AZ amicus brief seeking answers to constitutional HOA questions denied

A constitutionality challenge[1] was made to Arizona’s SB 1482 “HOA Omnibus Bill” (ominous bill), the 2014 version of SB 1454 from last year.[2]   Although the law has become effective this past July 24th, the case is still active.  Yours truly filed an amicus curiae brief in superior court on behalf of the Pro Se plaintive, Dave Russell, to which the Arizona Attorney General, lawyer for the State of Arizona, found objectionable. The judge denied my motion to file the brief.

The AG objected under a too one-sided against Arizona argument (complete objection).

Defendant, State of Arizona, opposes George K. Starapoli’s Motion for Leave to File Amicus

Brief in this matter for the following reasons:

  1. There is no authority to file an Amicus Brief in this matter in the superior court.

  1. It would be prejudicial to the State to allow the brief to be filed at this time. The State has responded to the Plaintiffs Motion for Expedited Preliminary Injunction, and that Motion could be considered based on the documents already filed by the parties. To allow the brief to be filed would prolong the process, require additional response, and potentially confuse the issues.

 

I did not refer to the Injunction, but the complaint itself, so what gives??  What does “potentially confuse the issues” mean?  Too much for the AG or judge to handle???

On the 28th, the judge ruled (complete minute entry),

 

On July 11, 2014, George Staropoli filed a “Motion for Leave to File an Amicus Curiae Brief in Support of the Plaintiff”. The Court has reviewed this motion and considered the circumstances. Under the circumstances,

IT IS ORDERED denying the above-identified motion.

What does “under the circumstances mean?????    Was it too confusing for the court to handle????

 

I was informed that a leading public interest nonprofit that has argued before the Arizona Supreme Court has had its amicus briefs to the Superior Court also denied.  I expected as much, but I had hoped for a dissertation as to why the denial beyond “under the circumstances.”

 

The issues that I raised in my amicus brief were:

 

  • Is a bill allowing HOA managers to represent HOAs while prohibiting the homeowner to engage an unlicensed and untrained third-party to speak for them in small claims court an unconstitutional special law in violation of the equal protection of the law under the US and Arizona Constitutions? (SB 1482, Section 7).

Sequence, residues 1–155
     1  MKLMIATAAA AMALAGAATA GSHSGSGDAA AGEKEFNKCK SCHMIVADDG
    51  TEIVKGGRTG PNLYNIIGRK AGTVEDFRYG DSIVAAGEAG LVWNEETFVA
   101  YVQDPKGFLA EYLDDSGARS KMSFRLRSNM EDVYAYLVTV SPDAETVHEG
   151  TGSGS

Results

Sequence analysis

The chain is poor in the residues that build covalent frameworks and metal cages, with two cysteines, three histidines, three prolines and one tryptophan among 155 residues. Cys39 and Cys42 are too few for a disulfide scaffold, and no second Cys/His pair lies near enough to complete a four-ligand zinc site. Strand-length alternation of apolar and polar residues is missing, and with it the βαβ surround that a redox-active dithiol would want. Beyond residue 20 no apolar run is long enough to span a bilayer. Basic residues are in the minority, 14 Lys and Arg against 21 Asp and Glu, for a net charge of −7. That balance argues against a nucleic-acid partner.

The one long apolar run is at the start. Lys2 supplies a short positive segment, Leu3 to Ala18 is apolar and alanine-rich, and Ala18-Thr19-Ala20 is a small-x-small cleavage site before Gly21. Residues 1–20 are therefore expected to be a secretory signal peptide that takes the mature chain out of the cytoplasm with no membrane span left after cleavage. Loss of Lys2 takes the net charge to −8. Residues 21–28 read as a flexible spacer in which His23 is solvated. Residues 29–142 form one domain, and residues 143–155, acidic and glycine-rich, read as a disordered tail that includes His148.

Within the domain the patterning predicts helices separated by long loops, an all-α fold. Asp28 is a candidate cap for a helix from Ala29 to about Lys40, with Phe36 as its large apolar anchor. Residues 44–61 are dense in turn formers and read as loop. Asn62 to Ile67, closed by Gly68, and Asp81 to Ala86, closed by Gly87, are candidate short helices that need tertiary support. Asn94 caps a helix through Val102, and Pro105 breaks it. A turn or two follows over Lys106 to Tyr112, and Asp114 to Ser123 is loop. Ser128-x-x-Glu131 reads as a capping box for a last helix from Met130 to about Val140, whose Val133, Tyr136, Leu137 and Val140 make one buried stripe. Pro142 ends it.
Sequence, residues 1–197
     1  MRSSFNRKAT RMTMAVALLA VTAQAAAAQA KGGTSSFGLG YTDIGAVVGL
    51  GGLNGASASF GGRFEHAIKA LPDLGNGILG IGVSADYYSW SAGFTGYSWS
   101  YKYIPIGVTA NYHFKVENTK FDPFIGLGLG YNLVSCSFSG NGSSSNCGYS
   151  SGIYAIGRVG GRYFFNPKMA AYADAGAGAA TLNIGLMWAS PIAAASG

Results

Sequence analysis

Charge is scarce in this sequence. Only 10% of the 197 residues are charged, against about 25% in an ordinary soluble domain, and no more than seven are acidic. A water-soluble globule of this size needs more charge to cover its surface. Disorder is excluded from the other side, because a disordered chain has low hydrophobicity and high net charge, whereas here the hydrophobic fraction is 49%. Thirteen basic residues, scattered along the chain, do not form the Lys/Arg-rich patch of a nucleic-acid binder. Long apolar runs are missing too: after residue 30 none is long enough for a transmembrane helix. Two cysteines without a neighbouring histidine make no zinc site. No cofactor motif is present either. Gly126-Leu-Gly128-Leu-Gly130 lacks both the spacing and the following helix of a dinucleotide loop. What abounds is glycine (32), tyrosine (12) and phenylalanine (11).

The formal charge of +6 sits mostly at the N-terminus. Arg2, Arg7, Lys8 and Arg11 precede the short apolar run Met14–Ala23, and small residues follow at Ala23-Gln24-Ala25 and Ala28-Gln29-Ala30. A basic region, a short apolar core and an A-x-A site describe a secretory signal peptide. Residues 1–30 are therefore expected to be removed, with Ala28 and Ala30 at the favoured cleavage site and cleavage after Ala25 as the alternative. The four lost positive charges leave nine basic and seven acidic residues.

• Do the renter documentation requirements and restrictions constitute an unconstitutional interference with private agreements as it creates more harm to the homeowners than the benefits of an unstated government interest?  (SB1482, Sections 11 and 15).

 

The court must still decide on the injunction to not enforce the bill (or the part dealing with HOA managers in small claims court), which it cannot do because Rule 31 of the Arizona Supreme Court forbids non-lawyers from representing anyone in court, including small claims court.  And the Constitution says the SC controls its procedures and not the legislature!  So, folks, what’s the fuss all about?

 

What this incident has demonstrated is the use of the law by the AG and an eagerly cooperative court.  Was my brief so harmful to the State of Arizona’s case that the truth must be hidden?  Or was my brief valid because the overwhelming facts and background presented made a strong case for the tyranny of the legislature that resulted in an unconstitutional law, a law which was motivated by domineering HOA stakeholders, the special interests?

What my little exercise has demonstrated is the silence on the part of our government.  Why?  Because like an HOA they don’t have too!  A law is constitutional because the ‘sovereign,’ the legislature, has spoken and can do no wrong.   Like an HOA, the state well knows it cannot make a valid and compelling justification for the bill in question, SB 1482.  Any such attempt would demonstrate to all that the State of Arizona was defending the indefensible.  So, mum’s the word.